Did he do exercises, or just work on repertoire and improvisation? Are there any anecdotes that may shed light on Tatum's routine?

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Everything I think I know of Art came from my teacher (whom I won't insult by naming her) who studied with Oscar who of course knew Art. So what I can remember, fourth hand, she opined that Art was one of those rare people who had a convergence of several factors whereas any one of us may have one or two but Art had them all: technical facility, harmonic genius, melodic, rhythmic, a sense of arrangement with an underlying desire to catch the listener off guard.

First, he had incredibly large hands yet slender fingers so his size didn't get in the way with extraneous adipose tissue. He could reach notes that most people couldn't and never will. Secondly, he had perfect pitch and just knew what the notes were of anything he heard whether aurally or in his own head. He would listen to his sister practice something and would come downstairs and just play it flawlessly from hearing her. This was confirmed to me when I was ballsy enough to call Oscar's sister Daisy for an autographed picture of her brother. She had the best answering machine messages.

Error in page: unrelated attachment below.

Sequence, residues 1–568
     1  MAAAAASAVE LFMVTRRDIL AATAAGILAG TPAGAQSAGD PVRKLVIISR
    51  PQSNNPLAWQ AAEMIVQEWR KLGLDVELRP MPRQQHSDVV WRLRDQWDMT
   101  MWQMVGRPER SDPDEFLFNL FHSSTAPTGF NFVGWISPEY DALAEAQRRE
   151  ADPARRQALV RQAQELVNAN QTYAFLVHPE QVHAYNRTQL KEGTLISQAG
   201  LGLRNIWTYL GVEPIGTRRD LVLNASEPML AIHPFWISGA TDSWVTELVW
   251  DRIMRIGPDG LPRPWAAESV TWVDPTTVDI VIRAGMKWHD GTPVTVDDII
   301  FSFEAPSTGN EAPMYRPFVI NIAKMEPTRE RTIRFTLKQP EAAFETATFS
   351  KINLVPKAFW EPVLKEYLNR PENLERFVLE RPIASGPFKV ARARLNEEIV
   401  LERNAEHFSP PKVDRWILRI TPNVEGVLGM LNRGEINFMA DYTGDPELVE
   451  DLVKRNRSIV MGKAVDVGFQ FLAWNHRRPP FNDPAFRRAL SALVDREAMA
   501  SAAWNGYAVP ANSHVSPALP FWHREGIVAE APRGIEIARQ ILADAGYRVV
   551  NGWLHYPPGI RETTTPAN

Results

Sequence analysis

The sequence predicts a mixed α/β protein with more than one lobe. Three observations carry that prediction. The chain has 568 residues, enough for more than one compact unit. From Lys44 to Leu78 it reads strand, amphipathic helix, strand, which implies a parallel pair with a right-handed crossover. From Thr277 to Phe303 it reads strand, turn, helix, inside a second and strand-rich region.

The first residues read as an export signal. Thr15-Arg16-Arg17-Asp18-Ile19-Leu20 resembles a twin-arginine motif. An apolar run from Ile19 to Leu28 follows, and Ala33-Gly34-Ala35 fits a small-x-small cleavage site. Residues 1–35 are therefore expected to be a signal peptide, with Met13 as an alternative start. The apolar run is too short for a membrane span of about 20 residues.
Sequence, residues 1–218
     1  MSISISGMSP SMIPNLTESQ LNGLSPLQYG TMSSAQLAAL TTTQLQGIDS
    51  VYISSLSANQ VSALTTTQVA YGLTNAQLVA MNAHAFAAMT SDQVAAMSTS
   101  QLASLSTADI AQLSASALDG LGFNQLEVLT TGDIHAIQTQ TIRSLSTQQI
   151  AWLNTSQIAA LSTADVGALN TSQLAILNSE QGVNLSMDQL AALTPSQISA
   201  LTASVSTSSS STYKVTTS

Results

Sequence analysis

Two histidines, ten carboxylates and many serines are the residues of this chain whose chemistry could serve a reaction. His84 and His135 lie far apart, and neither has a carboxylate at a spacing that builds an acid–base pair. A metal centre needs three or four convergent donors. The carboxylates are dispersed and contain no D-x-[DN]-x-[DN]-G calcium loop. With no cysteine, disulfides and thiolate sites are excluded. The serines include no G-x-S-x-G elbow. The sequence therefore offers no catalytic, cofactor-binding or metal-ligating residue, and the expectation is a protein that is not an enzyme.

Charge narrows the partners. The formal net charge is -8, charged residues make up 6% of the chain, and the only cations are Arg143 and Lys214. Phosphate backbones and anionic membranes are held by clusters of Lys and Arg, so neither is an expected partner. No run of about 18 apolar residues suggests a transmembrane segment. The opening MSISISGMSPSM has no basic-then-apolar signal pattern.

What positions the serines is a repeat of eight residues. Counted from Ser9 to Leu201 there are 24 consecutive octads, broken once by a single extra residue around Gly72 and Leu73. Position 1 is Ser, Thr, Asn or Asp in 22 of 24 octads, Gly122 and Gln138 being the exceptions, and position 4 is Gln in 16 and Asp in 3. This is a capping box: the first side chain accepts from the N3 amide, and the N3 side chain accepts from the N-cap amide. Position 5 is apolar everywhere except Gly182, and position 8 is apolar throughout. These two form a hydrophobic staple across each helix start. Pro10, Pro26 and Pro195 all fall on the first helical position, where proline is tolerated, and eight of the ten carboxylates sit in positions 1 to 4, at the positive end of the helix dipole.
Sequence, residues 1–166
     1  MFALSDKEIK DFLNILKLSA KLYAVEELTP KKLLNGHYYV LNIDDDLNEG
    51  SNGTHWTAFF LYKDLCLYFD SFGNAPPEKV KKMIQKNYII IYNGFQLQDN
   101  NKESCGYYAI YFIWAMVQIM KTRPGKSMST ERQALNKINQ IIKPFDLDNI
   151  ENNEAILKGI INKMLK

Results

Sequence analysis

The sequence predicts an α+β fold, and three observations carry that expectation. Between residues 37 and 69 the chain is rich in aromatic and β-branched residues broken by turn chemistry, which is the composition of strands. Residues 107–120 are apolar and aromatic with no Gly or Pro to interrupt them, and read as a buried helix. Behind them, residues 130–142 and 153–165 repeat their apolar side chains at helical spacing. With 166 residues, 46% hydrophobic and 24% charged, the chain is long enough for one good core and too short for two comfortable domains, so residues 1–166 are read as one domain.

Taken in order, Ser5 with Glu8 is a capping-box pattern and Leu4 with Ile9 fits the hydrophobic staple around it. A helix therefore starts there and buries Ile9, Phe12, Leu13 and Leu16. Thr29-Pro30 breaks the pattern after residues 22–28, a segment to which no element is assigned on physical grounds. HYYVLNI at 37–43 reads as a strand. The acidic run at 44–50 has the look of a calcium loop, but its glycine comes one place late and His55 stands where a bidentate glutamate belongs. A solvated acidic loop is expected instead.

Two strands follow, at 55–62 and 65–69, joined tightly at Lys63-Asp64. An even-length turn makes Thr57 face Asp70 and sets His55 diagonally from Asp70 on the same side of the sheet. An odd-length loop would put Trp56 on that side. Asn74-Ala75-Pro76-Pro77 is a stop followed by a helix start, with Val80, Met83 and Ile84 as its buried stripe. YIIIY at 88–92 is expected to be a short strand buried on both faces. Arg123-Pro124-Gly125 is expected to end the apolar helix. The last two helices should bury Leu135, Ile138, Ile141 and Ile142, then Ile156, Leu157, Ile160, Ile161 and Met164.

In the beginning, Art proclaimed to be self taught and happened to be one of those rare (prodigious) people who moved properly and ergonomically right from the start and didn't have improper movement or bad habits to get in the way like many of us normies do. Because of this, he didn't have to work on technique. Much like you don't have to practice walking, it just comes naturally. You probably don't realize that in order to walk forward one foot is pushing backward and your shoulders and hips are working in contrary motion and rotation which protects your knees. The same thing goes on in our arms when we play, or, for some of us, it doesn't. The difference between Art and us is that he totally moves properly and we struggle to figure it out and battle bad habits ingrained in our brain's muscle memory from our first formative lessons. The first teacher had better be the right one.